College football lost a great contributor to the game with the passing of Joe Tiller this past Saturday. The winningest coach in Purdue history and one of the innovators of the spread offense was 74 years old.
Tiller had many highlights during his career as head coach at Wyoming and Purdue, as he took each program to heights either has been able to achieve since his respective departures from those schools. Here are the five greatest moments of his football life.
5. Purdue’s All-Time Winningest Coach (2008)
There were not many bright spots in Tiller’s final season in West Lafayette, except one. The second of Purdue’s four wins was Tiller’s 85th for the Boilermakers, pushing him ahead of Jack Mollenkopf to become the program’s all-time winningest coach. It was not without drama. Down 25-24 to Central Michigan with a minute to go, Purdue running back Kory Sheets broke loose for a 46-yard touchdown run to secure the win and Tiller’s legacy.
4. WAC Champions (1993)
After suffering losing seasons in his first two years at Wyoming, Tiller’s Cowboys put together an 8-4 campaign and shared the WAC title with BYU and Fresno State. The significance may not have been fully appreciated at the time, but the Cowboys have not won a conference championship since then.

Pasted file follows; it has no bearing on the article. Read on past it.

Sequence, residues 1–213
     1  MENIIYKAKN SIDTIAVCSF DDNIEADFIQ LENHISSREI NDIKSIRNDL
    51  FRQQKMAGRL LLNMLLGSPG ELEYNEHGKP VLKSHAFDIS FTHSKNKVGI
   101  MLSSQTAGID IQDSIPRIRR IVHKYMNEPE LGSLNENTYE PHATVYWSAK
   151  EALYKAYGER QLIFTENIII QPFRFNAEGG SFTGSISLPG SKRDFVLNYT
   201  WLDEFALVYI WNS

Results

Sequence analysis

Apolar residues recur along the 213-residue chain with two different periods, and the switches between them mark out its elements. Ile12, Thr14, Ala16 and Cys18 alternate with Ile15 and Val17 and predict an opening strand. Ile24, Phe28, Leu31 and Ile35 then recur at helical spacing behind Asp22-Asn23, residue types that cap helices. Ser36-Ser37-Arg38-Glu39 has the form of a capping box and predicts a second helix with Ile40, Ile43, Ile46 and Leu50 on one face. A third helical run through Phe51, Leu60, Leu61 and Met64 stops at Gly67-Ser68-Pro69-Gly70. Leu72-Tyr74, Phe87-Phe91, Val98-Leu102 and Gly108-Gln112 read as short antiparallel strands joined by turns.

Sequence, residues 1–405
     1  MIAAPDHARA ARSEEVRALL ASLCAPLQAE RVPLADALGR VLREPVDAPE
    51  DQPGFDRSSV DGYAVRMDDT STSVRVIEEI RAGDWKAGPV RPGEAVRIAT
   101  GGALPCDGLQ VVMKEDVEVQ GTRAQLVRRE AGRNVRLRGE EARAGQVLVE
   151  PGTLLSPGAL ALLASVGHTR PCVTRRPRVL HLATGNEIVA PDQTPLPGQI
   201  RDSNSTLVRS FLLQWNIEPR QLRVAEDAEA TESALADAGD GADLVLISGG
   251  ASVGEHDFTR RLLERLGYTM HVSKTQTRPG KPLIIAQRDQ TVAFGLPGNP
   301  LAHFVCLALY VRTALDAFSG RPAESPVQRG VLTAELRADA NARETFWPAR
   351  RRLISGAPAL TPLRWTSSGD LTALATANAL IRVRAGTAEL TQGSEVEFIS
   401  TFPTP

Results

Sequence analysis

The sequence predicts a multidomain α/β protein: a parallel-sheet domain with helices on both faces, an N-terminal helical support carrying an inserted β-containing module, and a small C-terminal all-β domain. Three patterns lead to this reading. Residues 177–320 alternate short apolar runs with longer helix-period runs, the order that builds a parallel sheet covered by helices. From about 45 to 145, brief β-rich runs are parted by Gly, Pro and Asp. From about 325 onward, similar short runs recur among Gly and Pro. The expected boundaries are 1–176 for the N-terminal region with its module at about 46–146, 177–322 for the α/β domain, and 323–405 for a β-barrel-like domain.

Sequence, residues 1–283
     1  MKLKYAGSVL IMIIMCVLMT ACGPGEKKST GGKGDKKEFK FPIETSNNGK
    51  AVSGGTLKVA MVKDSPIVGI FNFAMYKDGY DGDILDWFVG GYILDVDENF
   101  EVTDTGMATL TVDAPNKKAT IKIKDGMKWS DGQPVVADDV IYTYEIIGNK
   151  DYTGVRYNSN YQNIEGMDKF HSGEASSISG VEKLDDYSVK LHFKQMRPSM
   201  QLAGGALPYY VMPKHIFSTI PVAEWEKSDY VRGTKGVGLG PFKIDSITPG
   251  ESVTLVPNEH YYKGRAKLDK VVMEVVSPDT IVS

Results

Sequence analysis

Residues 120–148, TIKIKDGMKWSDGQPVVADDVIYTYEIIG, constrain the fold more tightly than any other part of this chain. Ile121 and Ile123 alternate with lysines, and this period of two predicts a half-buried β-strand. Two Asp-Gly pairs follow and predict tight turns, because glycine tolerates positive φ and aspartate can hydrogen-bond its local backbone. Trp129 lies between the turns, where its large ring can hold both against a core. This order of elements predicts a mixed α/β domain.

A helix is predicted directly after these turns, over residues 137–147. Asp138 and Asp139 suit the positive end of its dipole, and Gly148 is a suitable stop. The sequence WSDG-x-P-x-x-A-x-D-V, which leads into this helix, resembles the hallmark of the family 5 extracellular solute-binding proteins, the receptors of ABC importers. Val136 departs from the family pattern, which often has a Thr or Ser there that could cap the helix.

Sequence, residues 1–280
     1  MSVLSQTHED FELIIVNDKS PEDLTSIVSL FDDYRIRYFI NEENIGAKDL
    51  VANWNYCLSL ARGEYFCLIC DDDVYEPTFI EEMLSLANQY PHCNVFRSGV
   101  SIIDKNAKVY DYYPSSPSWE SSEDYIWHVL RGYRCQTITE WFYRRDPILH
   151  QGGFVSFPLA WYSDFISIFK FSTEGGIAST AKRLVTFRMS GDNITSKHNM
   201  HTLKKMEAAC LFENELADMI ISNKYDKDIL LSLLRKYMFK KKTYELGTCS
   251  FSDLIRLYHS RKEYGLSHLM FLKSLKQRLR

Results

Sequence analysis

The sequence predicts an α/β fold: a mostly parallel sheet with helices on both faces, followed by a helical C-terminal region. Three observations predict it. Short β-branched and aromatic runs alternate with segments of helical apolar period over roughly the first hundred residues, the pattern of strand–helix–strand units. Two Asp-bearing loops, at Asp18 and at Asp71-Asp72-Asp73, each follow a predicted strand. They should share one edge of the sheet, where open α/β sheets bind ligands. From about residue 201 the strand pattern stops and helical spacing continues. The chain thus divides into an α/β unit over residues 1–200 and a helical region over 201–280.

3. Basketball on Grass (1998)
Tiller is one of the fathers of the wide-open spread offenses we see today. He also gave the offense its greatest moniker, “Basketball on grass.” The college football world took notice of the spread attack in 1998, when the Drew Brees-helmed Boilermakers went 9-4 and upset then-No. 4 Kansas State. Purdue’s 4,208 passing yards that season remains a Big Ten record.
2. Big Ten Coach of the Year (1997)
Tiller inherited a Purdue team that went 3-8 in 1996 and immediately turned it around. The Boilermakers went 9-3 and beat Oklahoma State 33-20 in the Alamo Bowl to finish the season ranked No. 17. Tiller’s immediate success earned him the Big Ten Coach of the Year award.
1. Big Ten Champions (2000)
Purdue had not won a Big Ten title since 1967 and had only been to five bowl games before Tiller’s arrival. He took the Boilermakers to bowl games in 10 of his 12 seasons and in 2000, brought them back to Pasadena. Purdue reeled off wins against No. 6 Michigan, No. 17 Northwestern and No. 12 Ohio State to earn only the second and last Big Ten championship in the program’s history.
— Written by Aaron Tallent, who is part of the Athlon Contributor Network. Tallent is a writer whose articles have appeared in The Sweet Science, FOX Sports’ Outkick the Coverage, Liberty Island and The Washington Post. Follow him on Twitter at @AaronTallent.